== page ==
Janis Ian married the Portuguese filmmaker Tino Sargo in 1978; five years later they divorced. This sort of thing is extremely common in showbiz circles primarily because of the itinerant lifestyles and unusual working patterns of one or both partners, but Ian claimed her former husband had subjected her to both emotional and physical abuse.
After relocating to Nashville, the home of Country music, she decided that men were not for her and in 1989 began a lesbian relationship with Patricia Snyder, coming out publicly four years later and marrying in Toronto in 2008. Ian told us: "I wrote it as an expression of contempt for gay people not being able to marry in the United States, when they can marry or obtain marital status in many other countries."
Suggestion credit: Alexander Baron - London, England
Gay marriage was legalized in New York in 2011, although Janis Ian felt no reason to get married there, or anywhere else, again. "We got married in Canada just like anybody else got married in Canada. Why would we need to get married somewhere else?," she told us.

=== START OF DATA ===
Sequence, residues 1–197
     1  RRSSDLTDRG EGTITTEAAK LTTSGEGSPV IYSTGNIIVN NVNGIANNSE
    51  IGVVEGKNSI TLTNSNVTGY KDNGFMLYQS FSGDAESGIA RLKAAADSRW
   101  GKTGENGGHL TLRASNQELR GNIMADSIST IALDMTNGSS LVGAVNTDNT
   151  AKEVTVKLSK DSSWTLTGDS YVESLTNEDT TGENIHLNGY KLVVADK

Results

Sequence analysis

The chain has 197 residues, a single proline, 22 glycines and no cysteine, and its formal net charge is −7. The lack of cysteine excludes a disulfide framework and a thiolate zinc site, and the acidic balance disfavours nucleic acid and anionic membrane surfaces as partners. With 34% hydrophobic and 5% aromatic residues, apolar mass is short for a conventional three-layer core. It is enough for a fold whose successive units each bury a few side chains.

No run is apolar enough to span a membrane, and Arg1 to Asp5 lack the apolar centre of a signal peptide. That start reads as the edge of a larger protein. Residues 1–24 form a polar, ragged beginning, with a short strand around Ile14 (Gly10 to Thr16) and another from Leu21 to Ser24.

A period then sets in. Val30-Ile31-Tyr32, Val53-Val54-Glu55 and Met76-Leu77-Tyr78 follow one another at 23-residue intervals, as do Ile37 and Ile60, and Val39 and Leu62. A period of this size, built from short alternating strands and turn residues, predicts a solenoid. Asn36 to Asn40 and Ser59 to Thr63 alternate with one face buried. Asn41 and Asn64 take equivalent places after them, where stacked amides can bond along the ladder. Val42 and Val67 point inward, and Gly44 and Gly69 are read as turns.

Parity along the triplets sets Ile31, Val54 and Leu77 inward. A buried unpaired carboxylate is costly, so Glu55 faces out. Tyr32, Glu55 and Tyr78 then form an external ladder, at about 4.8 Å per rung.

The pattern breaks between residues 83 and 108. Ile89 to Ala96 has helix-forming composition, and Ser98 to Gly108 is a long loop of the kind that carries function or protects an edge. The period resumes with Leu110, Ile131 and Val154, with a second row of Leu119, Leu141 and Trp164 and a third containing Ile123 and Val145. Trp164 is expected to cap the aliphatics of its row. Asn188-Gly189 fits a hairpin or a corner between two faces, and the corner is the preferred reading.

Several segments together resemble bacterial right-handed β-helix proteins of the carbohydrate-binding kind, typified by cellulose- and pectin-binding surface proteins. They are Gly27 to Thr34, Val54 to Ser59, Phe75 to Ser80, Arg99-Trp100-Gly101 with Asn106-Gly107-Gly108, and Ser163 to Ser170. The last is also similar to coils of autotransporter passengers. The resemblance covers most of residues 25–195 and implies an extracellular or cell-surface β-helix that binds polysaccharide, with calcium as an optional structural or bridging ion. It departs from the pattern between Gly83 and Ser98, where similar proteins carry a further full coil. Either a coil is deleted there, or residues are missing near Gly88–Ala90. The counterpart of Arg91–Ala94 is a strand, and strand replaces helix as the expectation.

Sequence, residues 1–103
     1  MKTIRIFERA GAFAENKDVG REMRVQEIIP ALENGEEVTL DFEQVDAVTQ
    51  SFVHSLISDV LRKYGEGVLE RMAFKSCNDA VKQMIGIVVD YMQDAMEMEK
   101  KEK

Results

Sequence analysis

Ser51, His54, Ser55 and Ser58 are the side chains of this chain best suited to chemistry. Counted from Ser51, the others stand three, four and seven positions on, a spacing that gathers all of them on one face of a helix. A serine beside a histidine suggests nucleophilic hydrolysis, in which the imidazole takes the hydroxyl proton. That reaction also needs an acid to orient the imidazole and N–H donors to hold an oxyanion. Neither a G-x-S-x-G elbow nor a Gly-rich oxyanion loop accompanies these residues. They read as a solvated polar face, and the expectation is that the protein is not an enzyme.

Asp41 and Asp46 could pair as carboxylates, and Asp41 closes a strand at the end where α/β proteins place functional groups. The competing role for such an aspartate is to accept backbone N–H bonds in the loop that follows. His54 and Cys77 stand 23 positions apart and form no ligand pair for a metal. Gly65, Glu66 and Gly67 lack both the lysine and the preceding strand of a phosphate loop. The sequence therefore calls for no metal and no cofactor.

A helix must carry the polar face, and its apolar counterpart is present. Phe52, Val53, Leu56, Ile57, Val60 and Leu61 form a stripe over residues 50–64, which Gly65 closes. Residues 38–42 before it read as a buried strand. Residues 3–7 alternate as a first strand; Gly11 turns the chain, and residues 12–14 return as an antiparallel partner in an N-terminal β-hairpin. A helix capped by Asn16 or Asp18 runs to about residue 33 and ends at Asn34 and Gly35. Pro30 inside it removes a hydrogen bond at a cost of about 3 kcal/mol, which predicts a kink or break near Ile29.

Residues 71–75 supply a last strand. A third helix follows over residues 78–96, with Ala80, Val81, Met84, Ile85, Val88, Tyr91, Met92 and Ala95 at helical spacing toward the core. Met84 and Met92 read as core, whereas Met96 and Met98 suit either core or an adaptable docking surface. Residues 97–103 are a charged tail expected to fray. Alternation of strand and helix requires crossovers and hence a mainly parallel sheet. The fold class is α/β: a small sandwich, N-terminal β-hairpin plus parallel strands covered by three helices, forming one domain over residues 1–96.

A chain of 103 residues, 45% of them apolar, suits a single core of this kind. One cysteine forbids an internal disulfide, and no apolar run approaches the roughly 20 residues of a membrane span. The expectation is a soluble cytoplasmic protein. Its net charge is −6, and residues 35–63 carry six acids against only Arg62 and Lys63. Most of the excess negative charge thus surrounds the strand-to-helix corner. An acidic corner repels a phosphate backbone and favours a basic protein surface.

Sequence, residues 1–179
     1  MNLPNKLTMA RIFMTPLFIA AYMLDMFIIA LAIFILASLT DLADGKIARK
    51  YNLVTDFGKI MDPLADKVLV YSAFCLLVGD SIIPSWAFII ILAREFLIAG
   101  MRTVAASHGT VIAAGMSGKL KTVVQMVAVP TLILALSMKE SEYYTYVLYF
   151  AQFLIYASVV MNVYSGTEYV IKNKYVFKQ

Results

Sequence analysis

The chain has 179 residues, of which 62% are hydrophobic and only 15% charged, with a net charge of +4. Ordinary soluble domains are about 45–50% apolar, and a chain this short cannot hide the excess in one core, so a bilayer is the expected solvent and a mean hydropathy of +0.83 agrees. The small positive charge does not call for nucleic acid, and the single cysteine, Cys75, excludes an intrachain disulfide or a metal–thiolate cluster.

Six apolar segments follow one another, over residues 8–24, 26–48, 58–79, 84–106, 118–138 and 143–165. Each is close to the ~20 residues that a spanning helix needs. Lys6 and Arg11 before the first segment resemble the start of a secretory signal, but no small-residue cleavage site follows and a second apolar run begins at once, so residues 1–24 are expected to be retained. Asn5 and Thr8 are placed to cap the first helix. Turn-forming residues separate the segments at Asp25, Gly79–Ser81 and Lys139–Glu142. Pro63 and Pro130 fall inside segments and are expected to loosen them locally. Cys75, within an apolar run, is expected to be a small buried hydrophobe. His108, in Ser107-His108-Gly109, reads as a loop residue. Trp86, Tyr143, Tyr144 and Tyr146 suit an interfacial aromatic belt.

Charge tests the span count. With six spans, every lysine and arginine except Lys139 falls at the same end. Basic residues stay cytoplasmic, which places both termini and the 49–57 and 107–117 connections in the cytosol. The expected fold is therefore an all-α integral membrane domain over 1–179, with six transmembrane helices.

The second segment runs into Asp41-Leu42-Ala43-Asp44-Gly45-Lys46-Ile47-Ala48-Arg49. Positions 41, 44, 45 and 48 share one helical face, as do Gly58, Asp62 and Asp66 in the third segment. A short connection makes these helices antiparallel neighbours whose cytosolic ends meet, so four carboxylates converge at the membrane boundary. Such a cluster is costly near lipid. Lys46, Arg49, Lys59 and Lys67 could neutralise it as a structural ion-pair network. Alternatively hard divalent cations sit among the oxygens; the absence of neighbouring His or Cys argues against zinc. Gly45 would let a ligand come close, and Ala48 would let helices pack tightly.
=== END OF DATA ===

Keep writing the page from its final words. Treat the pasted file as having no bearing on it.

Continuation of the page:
One couple who did get married in New York were Kristen Ellis-Henderson from the band Antigone Rising, and her partner, Sarah. They were featured on the cover of Time magazine in 2013 with the headline, "Gay Marriage Already Won." Speaking with Kristen about the influence of Janis and others who came out publicly in the '90s, she told us, "The importance of any public person coming out is immeasurable to gay people all over the world. Janis, k.d. and Melissa coming out made me feel like it was OK to be who I was. I'm just grateful to them for being brave enough."
In our 2013 interview with Janis Ian, she explained how this song was received in Nashville, where she lived. "When I first started doing it, I would get walkouts," she said. "There would always be a certain element of the audience that just really tensed up. But then when I hit that last line, which in the UK and Europe is, 'bugger the rest,' and in America is 'F--k all the rest,' and everybody realized that it really was funny and it really was absurd, people really lightened up. Watching the audience morph from being uncomfortable about it or seeing it as divisive, to recognizing the absurdity no matter where they fall politically has been really gratifying."